Winnipeg councillor creates proposal to upgrade city tracks as physical distancing continues

A Winnipeg city councillor is pushing for the city's walking and running tracks to be upgraded as more people spend time outside to exercise during the novel coronavirus pandemic. Global News / File

A Winnipeg city councillor has taken some time during the novel coronavirus pandemic to investigate the city’s running and walking tracks, and he says he’s hopeful that work can be done to refurbish some of them — especially since many Winnipeggers are looking for ways to exercise outdoors in the summery weather.

“I’ve always been a runner, and we built a new (track) in my ward last year, and it’s fantastic — my ward is well-served now,” St. Vital Coun. Brian Mayes told 680 CJOB.

“When the pandemic started, I started reading these articles and opinion pieces saying we need more cycling infrastructure and more paths… and I thought, if this about more places to walk, we shouldn’t forget about these walk-run tracks we have throughout the city.”

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Mayes said he left his ward and started exploring tracks throughout Winnipeg — including some he’d never been to — and produced a report on their status.

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His recommendation is that eight of the 21 tracks he visited be upgraded at a cost of just over $3 million — but only if funds from other levels of government become available for projects like this.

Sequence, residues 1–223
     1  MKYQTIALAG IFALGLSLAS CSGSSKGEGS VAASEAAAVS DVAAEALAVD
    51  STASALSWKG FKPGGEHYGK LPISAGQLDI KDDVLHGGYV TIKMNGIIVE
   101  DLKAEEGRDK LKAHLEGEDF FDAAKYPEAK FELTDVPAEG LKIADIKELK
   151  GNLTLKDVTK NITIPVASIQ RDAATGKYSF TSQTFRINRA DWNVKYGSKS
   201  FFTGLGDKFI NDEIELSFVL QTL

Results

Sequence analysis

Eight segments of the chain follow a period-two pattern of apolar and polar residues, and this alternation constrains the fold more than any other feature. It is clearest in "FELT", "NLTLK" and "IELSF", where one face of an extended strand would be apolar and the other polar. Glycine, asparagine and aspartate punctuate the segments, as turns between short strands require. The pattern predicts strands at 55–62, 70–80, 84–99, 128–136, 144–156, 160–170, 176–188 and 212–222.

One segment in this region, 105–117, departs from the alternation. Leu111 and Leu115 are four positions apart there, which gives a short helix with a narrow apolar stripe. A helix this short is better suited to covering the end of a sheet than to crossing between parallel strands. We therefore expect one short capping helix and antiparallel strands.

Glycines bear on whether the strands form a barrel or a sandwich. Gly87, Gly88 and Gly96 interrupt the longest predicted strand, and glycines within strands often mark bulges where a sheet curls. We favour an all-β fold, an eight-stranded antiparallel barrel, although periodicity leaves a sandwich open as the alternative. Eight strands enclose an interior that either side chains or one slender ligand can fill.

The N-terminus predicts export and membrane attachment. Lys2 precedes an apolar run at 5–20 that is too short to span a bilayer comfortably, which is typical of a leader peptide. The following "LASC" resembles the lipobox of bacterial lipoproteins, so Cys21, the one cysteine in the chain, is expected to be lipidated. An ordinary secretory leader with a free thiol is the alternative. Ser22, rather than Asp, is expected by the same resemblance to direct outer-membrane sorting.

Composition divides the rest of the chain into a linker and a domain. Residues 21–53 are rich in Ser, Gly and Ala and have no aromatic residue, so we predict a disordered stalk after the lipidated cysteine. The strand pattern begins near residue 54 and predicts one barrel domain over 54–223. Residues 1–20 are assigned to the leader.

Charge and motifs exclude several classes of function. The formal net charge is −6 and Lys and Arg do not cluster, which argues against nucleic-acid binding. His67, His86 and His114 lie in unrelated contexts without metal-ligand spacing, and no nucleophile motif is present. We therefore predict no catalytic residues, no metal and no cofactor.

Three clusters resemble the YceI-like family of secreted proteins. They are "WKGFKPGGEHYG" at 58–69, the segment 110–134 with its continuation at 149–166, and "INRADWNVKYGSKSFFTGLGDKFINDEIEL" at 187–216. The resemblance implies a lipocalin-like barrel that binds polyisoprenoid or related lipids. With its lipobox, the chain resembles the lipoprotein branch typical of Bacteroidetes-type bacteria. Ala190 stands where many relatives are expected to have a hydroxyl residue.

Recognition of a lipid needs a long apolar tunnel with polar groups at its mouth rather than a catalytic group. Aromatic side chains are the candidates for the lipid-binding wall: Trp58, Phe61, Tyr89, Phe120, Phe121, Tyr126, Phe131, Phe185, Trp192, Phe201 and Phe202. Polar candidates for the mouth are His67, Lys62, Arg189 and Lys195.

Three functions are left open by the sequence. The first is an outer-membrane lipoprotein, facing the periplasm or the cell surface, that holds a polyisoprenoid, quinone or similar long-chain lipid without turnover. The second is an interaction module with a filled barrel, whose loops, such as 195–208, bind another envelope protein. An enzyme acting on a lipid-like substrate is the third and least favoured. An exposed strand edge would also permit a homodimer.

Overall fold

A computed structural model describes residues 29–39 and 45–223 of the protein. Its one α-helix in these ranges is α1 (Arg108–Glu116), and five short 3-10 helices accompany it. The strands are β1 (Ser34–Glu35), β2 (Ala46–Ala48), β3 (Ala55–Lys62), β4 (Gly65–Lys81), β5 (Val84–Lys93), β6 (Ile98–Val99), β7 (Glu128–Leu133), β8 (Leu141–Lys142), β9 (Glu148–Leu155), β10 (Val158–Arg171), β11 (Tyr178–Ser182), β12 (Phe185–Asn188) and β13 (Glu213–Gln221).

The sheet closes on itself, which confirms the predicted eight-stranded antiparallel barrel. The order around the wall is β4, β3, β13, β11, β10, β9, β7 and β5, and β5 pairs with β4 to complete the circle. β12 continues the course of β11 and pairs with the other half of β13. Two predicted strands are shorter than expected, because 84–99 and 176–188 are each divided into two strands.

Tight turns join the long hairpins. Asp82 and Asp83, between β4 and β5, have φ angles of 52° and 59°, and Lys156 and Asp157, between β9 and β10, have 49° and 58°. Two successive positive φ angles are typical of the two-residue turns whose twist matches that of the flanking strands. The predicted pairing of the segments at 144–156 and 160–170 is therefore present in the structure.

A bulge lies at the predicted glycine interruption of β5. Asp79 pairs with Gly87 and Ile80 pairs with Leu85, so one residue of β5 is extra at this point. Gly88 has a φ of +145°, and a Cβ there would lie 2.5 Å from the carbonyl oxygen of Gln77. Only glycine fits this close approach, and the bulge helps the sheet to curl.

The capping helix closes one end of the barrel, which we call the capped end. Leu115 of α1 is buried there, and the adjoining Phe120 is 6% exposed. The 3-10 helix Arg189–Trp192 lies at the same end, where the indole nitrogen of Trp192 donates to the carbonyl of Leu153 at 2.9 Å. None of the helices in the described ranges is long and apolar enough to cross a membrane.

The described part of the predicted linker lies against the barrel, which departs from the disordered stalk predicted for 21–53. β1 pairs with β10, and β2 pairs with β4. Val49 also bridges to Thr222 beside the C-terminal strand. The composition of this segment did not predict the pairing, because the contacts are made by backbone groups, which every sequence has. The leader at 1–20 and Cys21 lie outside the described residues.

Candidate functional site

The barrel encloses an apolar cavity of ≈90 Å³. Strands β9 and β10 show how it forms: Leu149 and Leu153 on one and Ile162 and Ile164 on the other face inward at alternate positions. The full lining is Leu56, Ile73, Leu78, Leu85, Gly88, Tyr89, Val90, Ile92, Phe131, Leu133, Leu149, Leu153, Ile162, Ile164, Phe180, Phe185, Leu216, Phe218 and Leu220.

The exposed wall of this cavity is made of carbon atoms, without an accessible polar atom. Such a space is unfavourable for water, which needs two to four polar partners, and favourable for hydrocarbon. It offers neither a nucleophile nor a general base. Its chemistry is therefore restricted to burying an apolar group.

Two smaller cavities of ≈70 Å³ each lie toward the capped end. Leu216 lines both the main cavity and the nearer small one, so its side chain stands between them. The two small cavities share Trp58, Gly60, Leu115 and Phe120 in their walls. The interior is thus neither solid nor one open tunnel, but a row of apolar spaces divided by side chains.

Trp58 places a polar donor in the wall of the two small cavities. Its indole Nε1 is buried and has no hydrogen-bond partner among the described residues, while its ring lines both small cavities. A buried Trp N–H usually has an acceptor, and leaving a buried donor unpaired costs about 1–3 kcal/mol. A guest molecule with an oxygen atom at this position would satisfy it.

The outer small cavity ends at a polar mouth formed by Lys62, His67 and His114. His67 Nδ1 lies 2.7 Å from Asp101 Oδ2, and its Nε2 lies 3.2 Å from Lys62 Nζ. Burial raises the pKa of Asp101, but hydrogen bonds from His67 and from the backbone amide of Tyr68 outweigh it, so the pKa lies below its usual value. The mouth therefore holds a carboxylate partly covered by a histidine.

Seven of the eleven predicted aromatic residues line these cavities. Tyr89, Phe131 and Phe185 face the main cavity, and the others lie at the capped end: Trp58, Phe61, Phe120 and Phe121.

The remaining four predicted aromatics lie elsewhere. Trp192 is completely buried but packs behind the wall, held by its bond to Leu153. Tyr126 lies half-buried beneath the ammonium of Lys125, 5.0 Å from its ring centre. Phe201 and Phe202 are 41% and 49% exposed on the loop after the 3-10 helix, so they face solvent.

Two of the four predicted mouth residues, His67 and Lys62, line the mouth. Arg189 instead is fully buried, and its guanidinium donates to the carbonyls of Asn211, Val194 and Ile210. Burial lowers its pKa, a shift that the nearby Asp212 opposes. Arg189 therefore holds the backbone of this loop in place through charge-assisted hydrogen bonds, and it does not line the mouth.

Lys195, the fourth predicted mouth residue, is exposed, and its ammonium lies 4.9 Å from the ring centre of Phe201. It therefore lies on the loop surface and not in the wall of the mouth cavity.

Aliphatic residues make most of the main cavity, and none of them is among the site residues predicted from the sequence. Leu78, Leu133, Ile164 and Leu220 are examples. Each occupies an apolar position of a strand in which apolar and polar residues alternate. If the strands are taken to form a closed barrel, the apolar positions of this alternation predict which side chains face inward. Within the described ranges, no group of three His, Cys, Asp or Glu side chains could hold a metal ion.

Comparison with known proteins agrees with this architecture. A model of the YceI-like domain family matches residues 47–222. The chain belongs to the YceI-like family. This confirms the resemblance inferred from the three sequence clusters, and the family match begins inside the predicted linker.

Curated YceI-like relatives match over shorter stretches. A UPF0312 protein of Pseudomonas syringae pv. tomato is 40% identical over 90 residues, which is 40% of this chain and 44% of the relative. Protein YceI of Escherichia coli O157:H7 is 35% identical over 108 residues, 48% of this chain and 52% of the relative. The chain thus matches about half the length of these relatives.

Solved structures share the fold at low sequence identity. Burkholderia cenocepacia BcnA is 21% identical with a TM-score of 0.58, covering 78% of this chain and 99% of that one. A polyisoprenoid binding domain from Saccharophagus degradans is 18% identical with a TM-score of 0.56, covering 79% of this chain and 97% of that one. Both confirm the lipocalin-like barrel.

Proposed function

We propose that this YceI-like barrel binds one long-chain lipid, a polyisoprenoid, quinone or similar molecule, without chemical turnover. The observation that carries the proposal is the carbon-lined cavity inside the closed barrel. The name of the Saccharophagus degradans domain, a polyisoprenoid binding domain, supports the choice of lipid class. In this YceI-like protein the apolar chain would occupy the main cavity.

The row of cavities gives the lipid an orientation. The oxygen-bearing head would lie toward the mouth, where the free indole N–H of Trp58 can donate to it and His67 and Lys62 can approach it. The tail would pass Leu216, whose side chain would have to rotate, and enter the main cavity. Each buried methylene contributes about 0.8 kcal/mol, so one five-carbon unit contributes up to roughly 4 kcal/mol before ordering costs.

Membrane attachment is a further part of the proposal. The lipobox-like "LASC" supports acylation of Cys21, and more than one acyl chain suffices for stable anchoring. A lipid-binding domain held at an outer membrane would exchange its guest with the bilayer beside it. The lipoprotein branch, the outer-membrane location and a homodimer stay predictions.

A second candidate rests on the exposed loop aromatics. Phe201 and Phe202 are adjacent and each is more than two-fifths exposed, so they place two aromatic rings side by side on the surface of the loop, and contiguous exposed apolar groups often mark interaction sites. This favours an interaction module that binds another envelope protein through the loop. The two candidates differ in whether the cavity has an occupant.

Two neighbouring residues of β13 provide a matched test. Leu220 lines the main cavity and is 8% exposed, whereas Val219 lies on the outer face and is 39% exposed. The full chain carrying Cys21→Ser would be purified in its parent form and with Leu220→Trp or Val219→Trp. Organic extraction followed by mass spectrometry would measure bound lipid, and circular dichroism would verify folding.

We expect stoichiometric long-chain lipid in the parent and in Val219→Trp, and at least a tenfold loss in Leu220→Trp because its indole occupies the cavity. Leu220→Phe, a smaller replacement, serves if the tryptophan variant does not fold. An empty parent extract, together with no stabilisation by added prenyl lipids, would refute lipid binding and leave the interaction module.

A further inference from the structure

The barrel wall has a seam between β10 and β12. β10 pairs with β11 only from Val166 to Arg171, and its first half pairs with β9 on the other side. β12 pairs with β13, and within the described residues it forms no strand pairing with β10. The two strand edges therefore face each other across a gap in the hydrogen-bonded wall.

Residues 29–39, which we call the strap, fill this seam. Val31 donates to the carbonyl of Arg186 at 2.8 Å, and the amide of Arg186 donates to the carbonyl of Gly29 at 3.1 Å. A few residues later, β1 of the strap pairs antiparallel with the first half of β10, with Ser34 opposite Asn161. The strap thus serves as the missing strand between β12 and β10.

“In 2010, federal money was used to help out the Maples track and to help out the Elmwood track, so it’s not crazy that we could use some money from other levels of government,” he said.

“I don’t think we need to put it all into cycling paths — some of it, for sure, but we’ve got this other infrastructure. People use it… I think there’s some real interest in it.”

Mayes said his research showed that many of the city’s running tracks were installed in the 1960s, and few have been updated in the years since.

“It’s not top priority but it’s something I don’t think we should forget about… by their nature, they’re opened to the public. Schools would get good use but also the general public, which is the goal here,” Mayes said.

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The track issue, he said, is something he’s hoping to include in the larger debate among Winnipeggers — and city council — about improvements for cyclists and pedestrians.

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With the influx of people trying to get outside during the pandemic, the city’s rules around walking and biking are causing some confusion.

A Westwood resident told 680 CJOB that while she thinks it’s great people are out walking and biking on the city’s newly designated active transportation routes, the barricaded streets are causing issues for people who live there.

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Darlene van Ruiten lives on Assiniboine Avenue and said there’s confusion for local residents who need to drive down the road to park in their driveways.

“I have been yelled at in my car personally and I know other neighbours have as well, just from people that are biking, or having kids on small trikes and wondering what we’re doing there — yet we’re allowed there and we’re going slow.

“With people following the rules and going up alternative roads in blocked sections, the smaller bays and streets are getting inundated with new traffic,” van Ruiten said.

The city temporarily expanded its active transportation routes in late April in an effort to help with social-distancing requirements during the COVID-19 pandemic.

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Coronavirus outbreak: Winnipeg officials discuss reopening golf courses, transportation routes – May 5, 2020

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